Blows to the face may cause tears of the frenulum and dislodge teeth. There may be cuts on the inner surface of the lips in older children from the lips being driven against the teeth. There might be cigarette burns on the body. On occasion, the child might have been disciplined by having its hand plunged into hot water or held against a hot surface. Hot fluids might have been thrown onto the child. There may be trickle-like burns where the water has run down the body. X-rays might reveal fractures.
Most battered children die as a result of head trauma. There are subdural and subarachnoid hemorrhages with or without fractures of the skull. It is not at all uncommon to find brain injury without skull fractures. Occasionally, a fracture might lead to secondary meningitis. There may be evidence of old subdural hematomas, as well as recent ones. Fractures of the skull and injury to the brain may be present with no or only insignificant injury to the skin and soft tissue of the head. The absence of external trauma to the head does not rule out trauma (Figures 12.4, 12.5). In fact, neither does the absence of internal scalp hemorrhage. A head might impact a flat, yielding surface with enough force to incur brain injuries but without incurring contusions of the scalp, either externally or internally.
Severe head injuries are often associated with retinal hemorrhage. If the child survives, retinal scarring may result. Retinal hemorrhage can occur naturally from birth trauma, but in these instances, scarring does not occur.6 While retinal hemorrhage is more common in homicides, it can occur in severe accidental head injuries. Retinal hemorrhages are also seen in bleeding disorders, sepsis, vasculopathies, increased intracranial hemorrhage and, rarely, when there is abrupt and severe compression of the chest.7,8 Examples of the last entity are cardiopulmonary resuscitation and the effects of a shoulder harness in a car crash.8
After head injuries, the next most common cause of death in battered children is injuries to the abdomen. The child is either punched or kicked in the abdomen. There may be no external evidence of injury at all to the
abdominal wall, yet, within the abdominal cavity, there may be lacerations of the liver, rupture of the spleen, tears in the mesentery, rupture of the bowel and a massive hemoperitoneum. A severe blow to the abdomen might cause transection of the liver at the point where it overlies the vertebral column. In the authors' experience, the most common organs lacerated, in order of frequency, are the liver, mesentery and bowel. In cases of isolated bowel injury, death may be due to peritonitis.
Some attorneys have used as a defense that the abdominal injuries were caused by cardiopulmonary resuscitation. Price et al. reviewed 324 child fatalities caused by natural disease who were resuscitated.9 None had abdominal injuries. Distribution by age was: below the age of one year, 75.93%; between the ages of 1 and 4 years, 19.75% and between 5 and 10 years 4.32%. CPR was by medical personnel in 70.06% of cases; a relative in 18.21%; a friend in 5.25% and others in 6.48%.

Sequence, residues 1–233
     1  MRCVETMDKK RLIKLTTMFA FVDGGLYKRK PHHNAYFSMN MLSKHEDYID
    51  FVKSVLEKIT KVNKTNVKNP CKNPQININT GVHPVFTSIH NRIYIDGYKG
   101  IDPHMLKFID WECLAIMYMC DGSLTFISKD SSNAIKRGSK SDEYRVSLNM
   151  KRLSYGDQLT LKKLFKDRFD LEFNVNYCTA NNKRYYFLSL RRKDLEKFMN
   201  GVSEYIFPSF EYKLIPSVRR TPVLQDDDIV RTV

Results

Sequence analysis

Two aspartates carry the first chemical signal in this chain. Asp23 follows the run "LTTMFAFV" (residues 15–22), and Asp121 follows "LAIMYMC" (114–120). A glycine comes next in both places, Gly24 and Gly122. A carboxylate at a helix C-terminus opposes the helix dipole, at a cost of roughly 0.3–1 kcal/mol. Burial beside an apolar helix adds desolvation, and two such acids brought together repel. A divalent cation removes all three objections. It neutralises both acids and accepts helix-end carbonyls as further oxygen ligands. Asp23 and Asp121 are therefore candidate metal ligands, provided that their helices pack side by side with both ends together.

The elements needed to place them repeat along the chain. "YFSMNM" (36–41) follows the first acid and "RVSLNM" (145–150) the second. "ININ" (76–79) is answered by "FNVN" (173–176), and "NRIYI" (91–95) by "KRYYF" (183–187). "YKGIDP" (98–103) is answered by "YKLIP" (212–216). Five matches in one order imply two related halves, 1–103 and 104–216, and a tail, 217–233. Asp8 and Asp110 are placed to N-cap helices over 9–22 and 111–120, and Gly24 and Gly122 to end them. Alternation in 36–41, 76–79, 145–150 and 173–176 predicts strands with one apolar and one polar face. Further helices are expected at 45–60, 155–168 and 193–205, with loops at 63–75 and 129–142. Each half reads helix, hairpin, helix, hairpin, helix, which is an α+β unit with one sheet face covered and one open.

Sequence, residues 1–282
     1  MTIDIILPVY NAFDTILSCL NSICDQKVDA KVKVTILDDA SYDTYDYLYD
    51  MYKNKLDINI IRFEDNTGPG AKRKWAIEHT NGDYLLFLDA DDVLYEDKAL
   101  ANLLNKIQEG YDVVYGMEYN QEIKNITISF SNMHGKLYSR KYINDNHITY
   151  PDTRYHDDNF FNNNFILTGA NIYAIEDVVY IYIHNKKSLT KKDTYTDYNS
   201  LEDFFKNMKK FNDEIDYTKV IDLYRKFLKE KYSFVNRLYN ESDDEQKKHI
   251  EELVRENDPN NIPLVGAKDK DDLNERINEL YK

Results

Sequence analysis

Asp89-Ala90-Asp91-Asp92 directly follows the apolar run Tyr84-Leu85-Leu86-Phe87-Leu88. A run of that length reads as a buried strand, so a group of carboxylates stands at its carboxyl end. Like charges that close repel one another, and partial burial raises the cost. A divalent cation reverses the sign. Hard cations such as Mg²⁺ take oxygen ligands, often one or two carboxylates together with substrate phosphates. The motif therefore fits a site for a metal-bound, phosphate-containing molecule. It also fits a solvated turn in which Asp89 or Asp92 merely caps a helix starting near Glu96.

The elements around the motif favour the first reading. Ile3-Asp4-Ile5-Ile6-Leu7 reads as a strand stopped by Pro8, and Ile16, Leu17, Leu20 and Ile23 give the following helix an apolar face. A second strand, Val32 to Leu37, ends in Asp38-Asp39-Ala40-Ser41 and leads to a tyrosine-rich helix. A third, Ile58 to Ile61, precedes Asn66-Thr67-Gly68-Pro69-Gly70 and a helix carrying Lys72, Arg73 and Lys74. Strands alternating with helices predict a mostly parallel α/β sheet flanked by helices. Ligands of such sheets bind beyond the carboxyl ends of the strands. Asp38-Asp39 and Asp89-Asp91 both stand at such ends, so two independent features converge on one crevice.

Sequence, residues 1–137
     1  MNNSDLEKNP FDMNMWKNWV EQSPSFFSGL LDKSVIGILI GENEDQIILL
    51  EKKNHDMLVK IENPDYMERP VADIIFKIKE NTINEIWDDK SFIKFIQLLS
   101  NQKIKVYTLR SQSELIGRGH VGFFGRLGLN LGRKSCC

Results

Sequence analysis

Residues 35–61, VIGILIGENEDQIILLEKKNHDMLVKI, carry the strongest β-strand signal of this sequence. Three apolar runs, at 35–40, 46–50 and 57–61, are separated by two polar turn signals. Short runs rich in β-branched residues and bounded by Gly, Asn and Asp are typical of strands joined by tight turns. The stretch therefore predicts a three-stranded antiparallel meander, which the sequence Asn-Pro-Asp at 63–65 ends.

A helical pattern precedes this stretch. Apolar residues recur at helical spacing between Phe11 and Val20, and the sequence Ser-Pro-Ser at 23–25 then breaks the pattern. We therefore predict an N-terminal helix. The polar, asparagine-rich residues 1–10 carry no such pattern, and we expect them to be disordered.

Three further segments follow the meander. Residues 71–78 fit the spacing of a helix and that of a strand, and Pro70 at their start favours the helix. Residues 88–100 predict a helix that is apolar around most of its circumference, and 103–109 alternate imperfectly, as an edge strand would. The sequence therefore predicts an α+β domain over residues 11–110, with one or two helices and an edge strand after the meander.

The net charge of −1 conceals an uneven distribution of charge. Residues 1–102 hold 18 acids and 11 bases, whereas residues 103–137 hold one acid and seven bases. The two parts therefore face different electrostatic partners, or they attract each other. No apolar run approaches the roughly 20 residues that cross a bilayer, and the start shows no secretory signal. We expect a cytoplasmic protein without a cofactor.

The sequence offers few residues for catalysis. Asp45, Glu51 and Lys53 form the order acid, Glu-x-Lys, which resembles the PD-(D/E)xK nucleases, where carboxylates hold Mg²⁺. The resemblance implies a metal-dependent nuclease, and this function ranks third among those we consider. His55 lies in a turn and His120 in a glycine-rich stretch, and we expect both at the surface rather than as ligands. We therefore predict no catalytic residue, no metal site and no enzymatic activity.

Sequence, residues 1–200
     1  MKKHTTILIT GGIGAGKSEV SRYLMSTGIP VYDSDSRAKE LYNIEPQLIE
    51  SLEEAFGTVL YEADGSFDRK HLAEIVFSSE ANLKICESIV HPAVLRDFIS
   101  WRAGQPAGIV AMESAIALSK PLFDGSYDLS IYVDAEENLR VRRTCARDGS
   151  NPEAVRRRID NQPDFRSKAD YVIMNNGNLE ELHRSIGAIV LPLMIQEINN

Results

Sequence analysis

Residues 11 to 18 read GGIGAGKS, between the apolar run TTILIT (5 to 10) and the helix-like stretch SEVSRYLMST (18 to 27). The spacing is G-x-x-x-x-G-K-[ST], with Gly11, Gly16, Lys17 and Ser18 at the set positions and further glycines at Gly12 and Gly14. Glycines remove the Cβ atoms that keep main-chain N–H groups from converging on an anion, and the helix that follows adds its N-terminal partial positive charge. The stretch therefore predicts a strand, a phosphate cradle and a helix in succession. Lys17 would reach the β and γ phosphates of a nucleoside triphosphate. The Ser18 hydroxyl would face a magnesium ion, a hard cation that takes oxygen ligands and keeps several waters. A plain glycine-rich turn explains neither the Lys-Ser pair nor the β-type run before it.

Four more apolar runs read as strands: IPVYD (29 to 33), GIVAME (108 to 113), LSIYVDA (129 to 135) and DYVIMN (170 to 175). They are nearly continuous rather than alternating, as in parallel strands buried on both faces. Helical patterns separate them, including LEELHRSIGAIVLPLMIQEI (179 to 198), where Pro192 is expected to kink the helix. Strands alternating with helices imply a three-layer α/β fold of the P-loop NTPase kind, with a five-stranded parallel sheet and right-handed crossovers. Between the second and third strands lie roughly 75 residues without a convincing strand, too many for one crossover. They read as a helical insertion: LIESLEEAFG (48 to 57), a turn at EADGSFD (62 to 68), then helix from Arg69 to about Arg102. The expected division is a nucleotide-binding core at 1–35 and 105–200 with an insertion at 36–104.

Bush et al. reviewed 211 child fatalities in children less than 12 years of age who died of nontraumatic causes, who had cardiopulmonary resuscita-tion.10 Fifteen children had at least one injury; seven of which were considered medically significant. There were no injuries to the abdominal organs. Only three children had potentially life-threatening injuries: a pneumothorax; an epicardial hematoma, and pulmonary interstitial hemorrhage associated with hemoperitoneum.
The neglected or starved child is a variant of the battered baby syndrome. Here, the child is fed insufficiently or sporadically and left to lie in its own feces and urine. The child presents with sunken, wizened features, a sunken abdomen, prominent ribs, wrinkled, loose skin with loss of turgor, and an overall emaciated appearance (Figure 20.1). There is usually severe, ulcerating diaper rash.
There are three possible explanations for a child presenting this way: criminal neglect, parental ignorance of the care and feeding of an infant, or a congenital disease e.g., malformation of the gastrointestinal tract, a malabsorption syndrome. Malnutrition can be the result of the mother's ignorance of proper feeding and care of the child if she is young, poor, uneducated, or retarded. The child, in this instance, is often only marginally nourished. If it develops severe diarrhea, in a matter of several hours its underlying malnutrition can be so exacerbated as to cause the child to present in a serious condition.
Most starved and neglected children are hospitalized at least once before they die. If their condition is not due to congenital disease, they rapidly gain weight in the hospital and are discharged in a healthy, well-nourished state. If such children are subsequently found dead in a starved condition, one then can conclude that this was a purposeful action and the case is a homicide. In cases where there are no prior admissions, one must first exclude any possible natural disease causing malnourishment.